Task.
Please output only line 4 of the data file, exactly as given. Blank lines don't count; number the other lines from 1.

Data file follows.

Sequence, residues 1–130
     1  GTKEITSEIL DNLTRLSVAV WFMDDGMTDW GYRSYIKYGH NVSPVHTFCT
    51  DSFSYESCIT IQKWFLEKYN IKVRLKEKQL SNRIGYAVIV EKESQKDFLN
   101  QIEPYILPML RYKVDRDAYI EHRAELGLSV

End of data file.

   101  QIEPYILPML RYKVDRDAYI EHRAELGLSV